BOUREIMA BALIMA and JOHN IRISH
AT least two people were killed and 16 others injured in western Niger on Saturday when protesters clashed with a French military convoy they blocked after it crossed the border from Burkina Faso, the local mayor said.
The armoured vehicles and logistics trucks had crossed the border on Friday after being blocked in Burkina Faso for a week by demonstrations there against French forces’ failure to stop mounting violence by Islamist militants.
Anger about France’s military presence in its former colonies has been rising in Niger, Burkina Faso and other countries in West Africa’s Sahel region where France has thousands of troops to fight local affiliates of al Qaeda and Islamic State.
Last weekend, hundreds of people in the Burkinabe city of Kaya blocked the French convoy, which is on its way from Ivory Coast to Mali.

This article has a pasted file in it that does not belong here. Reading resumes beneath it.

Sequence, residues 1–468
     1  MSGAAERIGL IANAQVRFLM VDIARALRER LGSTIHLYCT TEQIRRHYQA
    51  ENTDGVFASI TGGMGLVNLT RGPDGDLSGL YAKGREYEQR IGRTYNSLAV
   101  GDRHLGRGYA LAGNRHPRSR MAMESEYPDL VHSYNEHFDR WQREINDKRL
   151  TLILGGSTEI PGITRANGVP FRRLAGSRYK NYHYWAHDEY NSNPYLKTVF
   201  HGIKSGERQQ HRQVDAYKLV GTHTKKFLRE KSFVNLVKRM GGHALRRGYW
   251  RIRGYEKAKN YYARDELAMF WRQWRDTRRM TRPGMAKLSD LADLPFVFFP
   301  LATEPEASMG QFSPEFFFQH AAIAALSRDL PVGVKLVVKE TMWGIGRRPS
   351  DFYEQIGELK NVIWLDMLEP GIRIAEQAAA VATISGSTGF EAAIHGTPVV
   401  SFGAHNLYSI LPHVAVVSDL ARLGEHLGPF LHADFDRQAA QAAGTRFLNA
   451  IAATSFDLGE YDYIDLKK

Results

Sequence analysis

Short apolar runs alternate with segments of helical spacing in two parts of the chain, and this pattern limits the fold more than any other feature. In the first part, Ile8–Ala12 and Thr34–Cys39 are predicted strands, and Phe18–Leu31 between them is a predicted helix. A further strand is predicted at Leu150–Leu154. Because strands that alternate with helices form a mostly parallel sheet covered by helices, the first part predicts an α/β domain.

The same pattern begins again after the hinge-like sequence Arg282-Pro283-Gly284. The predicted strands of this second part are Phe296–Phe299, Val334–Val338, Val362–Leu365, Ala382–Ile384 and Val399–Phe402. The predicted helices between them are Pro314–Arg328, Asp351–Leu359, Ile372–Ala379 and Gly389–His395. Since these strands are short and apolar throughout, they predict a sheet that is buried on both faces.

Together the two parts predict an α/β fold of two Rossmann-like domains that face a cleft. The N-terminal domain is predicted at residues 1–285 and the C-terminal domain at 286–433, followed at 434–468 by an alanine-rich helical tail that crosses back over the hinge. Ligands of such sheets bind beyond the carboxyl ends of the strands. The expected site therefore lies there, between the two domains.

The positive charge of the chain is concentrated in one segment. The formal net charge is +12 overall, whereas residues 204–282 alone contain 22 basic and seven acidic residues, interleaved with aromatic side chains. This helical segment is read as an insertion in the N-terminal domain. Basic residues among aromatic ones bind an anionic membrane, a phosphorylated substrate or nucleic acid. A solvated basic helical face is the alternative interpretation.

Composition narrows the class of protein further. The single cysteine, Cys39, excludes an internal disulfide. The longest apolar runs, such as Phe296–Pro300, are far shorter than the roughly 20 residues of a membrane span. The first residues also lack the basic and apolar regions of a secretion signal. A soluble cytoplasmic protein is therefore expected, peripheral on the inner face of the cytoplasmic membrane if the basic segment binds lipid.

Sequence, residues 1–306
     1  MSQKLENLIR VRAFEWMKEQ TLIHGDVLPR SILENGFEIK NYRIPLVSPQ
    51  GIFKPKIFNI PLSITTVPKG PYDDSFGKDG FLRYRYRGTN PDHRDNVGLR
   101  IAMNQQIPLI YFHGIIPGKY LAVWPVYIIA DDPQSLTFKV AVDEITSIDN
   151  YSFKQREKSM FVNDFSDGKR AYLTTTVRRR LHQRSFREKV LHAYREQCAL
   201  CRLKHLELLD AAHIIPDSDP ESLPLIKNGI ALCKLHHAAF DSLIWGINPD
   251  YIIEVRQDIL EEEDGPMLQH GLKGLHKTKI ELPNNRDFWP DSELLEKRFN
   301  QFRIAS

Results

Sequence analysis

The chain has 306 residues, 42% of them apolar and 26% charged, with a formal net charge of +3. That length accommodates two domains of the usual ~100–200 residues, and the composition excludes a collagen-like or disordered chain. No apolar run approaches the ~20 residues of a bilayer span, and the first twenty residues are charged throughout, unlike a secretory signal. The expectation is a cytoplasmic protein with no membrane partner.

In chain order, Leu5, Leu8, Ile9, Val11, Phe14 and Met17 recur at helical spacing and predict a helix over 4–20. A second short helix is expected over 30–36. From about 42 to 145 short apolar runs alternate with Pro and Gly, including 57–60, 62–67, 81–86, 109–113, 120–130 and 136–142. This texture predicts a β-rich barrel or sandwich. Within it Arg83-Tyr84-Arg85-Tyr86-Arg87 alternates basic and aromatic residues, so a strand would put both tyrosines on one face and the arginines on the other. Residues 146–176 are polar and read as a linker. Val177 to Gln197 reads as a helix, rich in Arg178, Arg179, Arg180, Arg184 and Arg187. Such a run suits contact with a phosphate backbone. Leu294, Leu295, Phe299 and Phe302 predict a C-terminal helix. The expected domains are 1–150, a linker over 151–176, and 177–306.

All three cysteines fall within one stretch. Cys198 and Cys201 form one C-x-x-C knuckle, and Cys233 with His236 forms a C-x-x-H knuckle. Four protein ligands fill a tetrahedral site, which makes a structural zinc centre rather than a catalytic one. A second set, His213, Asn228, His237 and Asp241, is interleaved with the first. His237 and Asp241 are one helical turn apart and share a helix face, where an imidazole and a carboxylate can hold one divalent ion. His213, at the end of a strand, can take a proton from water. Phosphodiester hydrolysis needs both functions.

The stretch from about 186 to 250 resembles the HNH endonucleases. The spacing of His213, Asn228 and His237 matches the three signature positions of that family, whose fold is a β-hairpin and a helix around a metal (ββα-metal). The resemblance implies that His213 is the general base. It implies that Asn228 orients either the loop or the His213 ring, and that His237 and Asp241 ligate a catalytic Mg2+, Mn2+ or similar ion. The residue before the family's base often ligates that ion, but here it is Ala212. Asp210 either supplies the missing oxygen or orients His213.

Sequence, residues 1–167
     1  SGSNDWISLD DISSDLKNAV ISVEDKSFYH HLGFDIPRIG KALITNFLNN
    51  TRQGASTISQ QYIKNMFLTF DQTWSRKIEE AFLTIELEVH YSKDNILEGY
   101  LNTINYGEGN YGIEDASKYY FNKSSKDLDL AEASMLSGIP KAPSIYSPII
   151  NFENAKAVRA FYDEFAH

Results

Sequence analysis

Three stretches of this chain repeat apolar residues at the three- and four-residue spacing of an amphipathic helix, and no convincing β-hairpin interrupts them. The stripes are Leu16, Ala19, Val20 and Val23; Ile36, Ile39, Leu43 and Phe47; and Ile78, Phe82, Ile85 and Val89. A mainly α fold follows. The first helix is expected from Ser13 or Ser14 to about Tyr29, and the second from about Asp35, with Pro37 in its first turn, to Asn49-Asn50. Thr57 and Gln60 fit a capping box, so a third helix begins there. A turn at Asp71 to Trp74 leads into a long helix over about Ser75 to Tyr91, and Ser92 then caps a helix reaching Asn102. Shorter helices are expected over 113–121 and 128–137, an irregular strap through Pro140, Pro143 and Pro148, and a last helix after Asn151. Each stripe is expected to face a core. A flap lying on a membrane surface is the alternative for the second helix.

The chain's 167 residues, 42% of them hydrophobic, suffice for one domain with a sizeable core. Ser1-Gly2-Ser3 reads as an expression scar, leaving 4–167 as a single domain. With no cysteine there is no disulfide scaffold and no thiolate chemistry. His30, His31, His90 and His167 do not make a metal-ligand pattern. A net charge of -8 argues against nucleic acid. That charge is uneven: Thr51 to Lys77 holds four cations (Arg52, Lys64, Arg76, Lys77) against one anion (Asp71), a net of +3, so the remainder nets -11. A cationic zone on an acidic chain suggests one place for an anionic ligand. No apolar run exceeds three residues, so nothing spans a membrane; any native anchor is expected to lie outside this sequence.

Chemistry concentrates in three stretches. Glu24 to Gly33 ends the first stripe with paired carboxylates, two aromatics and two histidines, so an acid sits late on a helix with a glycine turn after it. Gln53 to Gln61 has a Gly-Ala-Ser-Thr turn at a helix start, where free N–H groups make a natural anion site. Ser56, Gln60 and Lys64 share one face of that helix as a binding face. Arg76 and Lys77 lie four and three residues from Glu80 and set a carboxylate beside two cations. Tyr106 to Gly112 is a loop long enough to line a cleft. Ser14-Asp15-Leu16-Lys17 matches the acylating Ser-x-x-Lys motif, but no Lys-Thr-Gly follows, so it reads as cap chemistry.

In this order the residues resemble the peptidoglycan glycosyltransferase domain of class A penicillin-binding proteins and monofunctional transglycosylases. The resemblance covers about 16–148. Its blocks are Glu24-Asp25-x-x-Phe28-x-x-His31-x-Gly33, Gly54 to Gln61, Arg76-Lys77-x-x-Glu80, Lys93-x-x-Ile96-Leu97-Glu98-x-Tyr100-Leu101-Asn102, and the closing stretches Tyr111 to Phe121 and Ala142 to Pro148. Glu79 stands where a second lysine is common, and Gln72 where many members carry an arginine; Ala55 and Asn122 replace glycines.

It was able to leave Burkina Faso on Friday but ran into new protests on Saturday morning less than 30 km (19 miles) across the border in the western Niger town of Tera, where it had stopped to spend the night.
Hamma Mamoudou, the mayor of Tera, told Reuters that two of the protesters were killed and 16 others injured during the standoff, “most likely” by gunshots.
French military spokesperson Colonel Pascal Ianni told Reuters earlier that French soldiers and Nigerien military police had fired warning shots to disperse protesters who were trying to pillage and seize trucks.
Ianni said the convoy was then able to continue on its way toward the capital Niamey. He did not immediately respond later to a question about the deaths.
Video shared by a local official showed the protesters, mostly young men, shouting “Down with France!” as black smoke rose from a burning barricade.
France intervened in Mali in 2013 to beat back militants who had seized the desert north, before deploying soldiers across the Sahel. While it has killed many top jihadist leaders, violence has continued to intensify and spread in the region.
In the demonstrations in Burkina Faso and elsewhere, protesters have cited conspiracy theories that France is secretly supporting the militants to justify its continued military presence in its former colonies.